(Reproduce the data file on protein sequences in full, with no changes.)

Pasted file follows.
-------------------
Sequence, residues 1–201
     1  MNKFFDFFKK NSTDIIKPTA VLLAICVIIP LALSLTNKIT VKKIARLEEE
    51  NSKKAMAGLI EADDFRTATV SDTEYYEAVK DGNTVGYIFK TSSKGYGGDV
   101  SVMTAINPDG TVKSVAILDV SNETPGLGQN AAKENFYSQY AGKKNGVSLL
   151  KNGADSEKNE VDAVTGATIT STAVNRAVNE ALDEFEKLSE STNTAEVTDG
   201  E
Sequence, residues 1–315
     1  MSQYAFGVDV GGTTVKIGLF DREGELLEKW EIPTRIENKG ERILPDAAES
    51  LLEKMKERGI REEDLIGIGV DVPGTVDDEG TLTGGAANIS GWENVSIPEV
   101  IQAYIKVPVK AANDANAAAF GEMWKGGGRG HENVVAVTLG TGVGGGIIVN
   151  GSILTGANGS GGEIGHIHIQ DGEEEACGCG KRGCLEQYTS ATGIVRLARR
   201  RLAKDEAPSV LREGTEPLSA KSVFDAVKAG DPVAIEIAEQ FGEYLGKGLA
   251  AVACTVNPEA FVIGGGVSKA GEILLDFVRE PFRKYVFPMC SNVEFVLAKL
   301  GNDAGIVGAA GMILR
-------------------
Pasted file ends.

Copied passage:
Sequence, residues 1–201
     1  MNKFFDFFKK NSTDIIKPTA VLLAICVIIP LALSLTNKIT VKKIARLEEE
    51  NSKKAMAGLI EADDFRTATV SDTEYYEAVK DGNTVGYIFK TSSKGYGGDV
   101  SVMTAINPDG TVKSVAILDV SNETPGLGQN AAKENFYSQY AGKKNGVSLL
   151  KNGADSEKNE VDAVTGATIT STAVNRAVNE ALDEFEKLSE STNTAEVTDG
   201  E
Sequence, residues 1–315
     1  MSQYAFGVDV GGTTVKIGLF DREGELLEKW EIPTRIENKG ERILPDAAES
    51  LLEKMKERGI REEDLIGIGV DVPGTVDDEG TLTGGAANIS GWENVSIPEV
   101  IQAYIKVPVK AANDANAAAF GEMWKGGGRG HENVVAVTLG TGVGGGIIVN
   151  GSILTGANGS GGEIGHIHIQ DGEEEACGCG KRGCLEQYTS ATGIVRLARR
   201  RLAKDEAPSV LREGTEPLSA KSVFDAVKAG DPVAIEIAEQ FGEYLGKGLA
   251  AVACTVNPEA FVIGGGVSKA GEILLDFVRE PFRKYVFPMC SNVEFVLAKL
   301  GNDAGIVGAA GMILR